The space race of the 1960’s defined a generation and leading America to be the first to put a man on the moon is one of John F. Kennedy’s crowning achievements as President. We know the men who risked their lives in service of our country to reach the moon and “touch the face of God”: John Glenn, Alan Shepard, Neil Armstrong, and Buzz Aldrin. These men were the heroes that were front and center during this exciting and tense race to space. Behind these men though were hundreds, if not, thousands of men and women working overtime to make sure that our heroes had reliable equipment and data to lean back on and be secure in knowing they were in good hands.
A new film by director Theodore Melfi is focusing in on the people behind the curtain of the space race. In particular three African-American women who also happen to have superior brain power and testing the limits of both outer space and tolerance at 1960’s N.A.S.A. “Hidden Figures” tells the story of Katherine Johnson, Dorothy Vaughn, and Mary Jackson who all work for West Area Computers, a segregated section of N.A.S.A., doing computations in service of the space race heating up between the U.S. and Russia. These ladies not only have the pressure of the U.S. government on their back, but have to deal with raising a family, furthering their education in service of their profession and discrimination in 1960’s Virginia. These women will not only successfully navigate their lives outside of N.A.S.A., but will define and further the cause of women of color in the workplace.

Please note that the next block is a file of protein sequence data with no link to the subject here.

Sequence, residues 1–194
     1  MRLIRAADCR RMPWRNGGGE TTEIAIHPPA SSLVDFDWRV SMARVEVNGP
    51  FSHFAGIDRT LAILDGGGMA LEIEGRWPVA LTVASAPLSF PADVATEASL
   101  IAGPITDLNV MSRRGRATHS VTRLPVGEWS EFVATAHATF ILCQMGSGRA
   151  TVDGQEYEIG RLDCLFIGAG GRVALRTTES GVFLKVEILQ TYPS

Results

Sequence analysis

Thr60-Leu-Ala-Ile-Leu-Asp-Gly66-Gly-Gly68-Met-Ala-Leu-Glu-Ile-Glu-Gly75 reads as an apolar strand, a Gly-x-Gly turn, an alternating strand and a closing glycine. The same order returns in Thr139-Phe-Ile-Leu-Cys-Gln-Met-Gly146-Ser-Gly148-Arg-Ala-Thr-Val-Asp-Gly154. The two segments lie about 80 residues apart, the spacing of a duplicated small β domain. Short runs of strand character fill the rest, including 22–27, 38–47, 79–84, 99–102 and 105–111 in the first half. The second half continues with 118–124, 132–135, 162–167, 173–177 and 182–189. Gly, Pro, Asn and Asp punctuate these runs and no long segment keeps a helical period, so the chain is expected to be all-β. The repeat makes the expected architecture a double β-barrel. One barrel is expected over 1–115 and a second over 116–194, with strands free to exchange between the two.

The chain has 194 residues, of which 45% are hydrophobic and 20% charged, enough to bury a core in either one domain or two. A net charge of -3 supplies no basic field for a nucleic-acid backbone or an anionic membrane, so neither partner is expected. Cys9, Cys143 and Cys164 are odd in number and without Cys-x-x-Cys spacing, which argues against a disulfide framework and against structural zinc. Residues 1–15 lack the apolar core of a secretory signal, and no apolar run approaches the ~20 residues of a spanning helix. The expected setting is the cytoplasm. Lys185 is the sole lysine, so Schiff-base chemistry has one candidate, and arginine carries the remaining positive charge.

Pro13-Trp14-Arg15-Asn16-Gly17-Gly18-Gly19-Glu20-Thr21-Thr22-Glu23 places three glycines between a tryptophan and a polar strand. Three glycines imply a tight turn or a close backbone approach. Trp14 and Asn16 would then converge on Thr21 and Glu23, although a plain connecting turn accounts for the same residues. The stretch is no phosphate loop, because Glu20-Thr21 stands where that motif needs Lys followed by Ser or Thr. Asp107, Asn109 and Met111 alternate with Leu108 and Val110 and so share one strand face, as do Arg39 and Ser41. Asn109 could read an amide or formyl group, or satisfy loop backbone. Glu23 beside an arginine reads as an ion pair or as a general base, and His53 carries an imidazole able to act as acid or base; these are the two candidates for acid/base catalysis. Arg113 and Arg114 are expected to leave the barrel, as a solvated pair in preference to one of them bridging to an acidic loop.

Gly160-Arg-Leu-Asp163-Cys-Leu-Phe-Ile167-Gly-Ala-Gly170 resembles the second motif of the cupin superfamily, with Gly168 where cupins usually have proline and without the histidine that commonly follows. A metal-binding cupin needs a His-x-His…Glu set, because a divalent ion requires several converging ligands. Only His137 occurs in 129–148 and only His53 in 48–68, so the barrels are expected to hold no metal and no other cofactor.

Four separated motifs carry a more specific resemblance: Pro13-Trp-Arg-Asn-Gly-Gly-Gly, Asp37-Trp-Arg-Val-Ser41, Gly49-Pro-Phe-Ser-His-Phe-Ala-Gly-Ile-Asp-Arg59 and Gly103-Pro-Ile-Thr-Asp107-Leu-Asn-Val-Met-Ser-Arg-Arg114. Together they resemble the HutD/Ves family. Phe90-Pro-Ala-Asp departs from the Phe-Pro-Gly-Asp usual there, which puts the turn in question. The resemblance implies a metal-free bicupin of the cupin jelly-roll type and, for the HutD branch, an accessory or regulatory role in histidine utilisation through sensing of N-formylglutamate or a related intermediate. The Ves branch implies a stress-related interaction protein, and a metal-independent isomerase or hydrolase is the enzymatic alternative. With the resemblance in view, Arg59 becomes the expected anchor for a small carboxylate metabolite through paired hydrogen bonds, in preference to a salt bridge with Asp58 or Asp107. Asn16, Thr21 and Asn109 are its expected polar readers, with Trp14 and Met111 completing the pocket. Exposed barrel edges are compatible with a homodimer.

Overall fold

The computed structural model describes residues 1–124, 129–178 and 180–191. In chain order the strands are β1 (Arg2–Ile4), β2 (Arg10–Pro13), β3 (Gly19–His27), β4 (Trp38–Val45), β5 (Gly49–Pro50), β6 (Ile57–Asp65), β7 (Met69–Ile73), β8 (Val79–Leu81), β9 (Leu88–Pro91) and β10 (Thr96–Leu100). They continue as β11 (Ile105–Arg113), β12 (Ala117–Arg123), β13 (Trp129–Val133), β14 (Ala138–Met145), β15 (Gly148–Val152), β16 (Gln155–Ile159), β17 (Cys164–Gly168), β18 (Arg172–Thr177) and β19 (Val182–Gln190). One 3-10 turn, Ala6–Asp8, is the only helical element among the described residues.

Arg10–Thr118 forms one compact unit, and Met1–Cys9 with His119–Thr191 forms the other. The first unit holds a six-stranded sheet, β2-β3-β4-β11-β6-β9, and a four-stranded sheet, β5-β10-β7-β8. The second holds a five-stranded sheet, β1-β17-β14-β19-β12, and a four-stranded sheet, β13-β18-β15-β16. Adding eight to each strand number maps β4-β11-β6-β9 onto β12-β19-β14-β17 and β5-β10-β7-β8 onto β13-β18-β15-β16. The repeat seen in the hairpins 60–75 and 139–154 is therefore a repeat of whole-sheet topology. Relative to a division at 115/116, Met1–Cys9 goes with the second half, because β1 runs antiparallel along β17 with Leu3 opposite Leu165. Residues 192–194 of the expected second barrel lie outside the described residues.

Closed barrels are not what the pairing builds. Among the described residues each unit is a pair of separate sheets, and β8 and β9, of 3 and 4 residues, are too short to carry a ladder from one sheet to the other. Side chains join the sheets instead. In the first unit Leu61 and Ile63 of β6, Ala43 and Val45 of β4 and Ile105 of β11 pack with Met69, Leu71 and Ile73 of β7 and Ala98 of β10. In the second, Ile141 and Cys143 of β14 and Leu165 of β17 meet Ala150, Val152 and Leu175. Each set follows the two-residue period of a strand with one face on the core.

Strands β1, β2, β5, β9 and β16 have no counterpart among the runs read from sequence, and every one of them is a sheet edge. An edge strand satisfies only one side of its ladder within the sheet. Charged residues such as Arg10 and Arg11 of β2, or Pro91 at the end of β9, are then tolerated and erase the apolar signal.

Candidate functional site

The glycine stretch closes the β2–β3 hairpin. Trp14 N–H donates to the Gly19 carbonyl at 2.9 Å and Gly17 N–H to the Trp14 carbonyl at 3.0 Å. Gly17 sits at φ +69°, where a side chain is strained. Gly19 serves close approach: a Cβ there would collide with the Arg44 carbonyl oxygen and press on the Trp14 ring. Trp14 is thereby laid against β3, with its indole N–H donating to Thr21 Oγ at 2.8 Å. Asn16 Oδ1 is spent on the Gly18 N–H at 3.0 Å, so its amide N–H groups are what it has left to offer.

“Hidden Figures” is a fantastic family film that not only entertains, but educates about discrimination and even is a history lesson of what pressures were being laid to bear at N.A.S.A. during this tense time. This film is actually a perfect accompaniment to one of the best pictures of all time about the men at the forefront of the space race, “The Right Stuff”. Taraji P. Henson plays Katherine Johnson and she gives an understated, but powerful performance of a woman putting her life, family, and work in order after the death of her husband. Octavia Spencer plays Dorothy Johnson, she is the glue that keeps this trio together and supporting each other through their time at N.A.S.A.
The revelation here is Janelle Monae as Mary Jackson, her performance here out does both her co-stars. She has a real grasp of the material she’s working with. She portrays a gentle strength of character. She becomes increasingly likeable and she is the calming force of her family as Mary. When she is not on screen you really start to miss her. I believe that she could be nominated for an Oscar for her performance here. If her singing career doesn’t work out, she seems right at home on screen. The final stand out and Oscar worthy performance goes to Kevin Costner who portrays director Al Harrison of the Space Task Group. Costner’s performance is rock solid as the gruff director. He sees past color and gender and only cares about the person who can do the job and protect the men that he’s been tasked to put into space. Honorable mention goes to Glen Powell who plays John Glenn. His portrayal of Glenn was so likable and down to Earth, you can’t help but like him and according to the “real” Katherine Johnson, Glenn trusted her work on his space flights.
“Hidden Figures” is getting a lot of praise and a possible best picture choice this Oscar season, although I don’t agree with that sentiment, this movie is still a wonderful piece of filmmaking and should not be missed. It’s nice to watch a film that I’d be more than happy to take my family to without having to worry about questionable content and more importantly have something to teach about our history on different fronts. Don’t keep these figures hidden from your view.
–originally published in MAUIWatch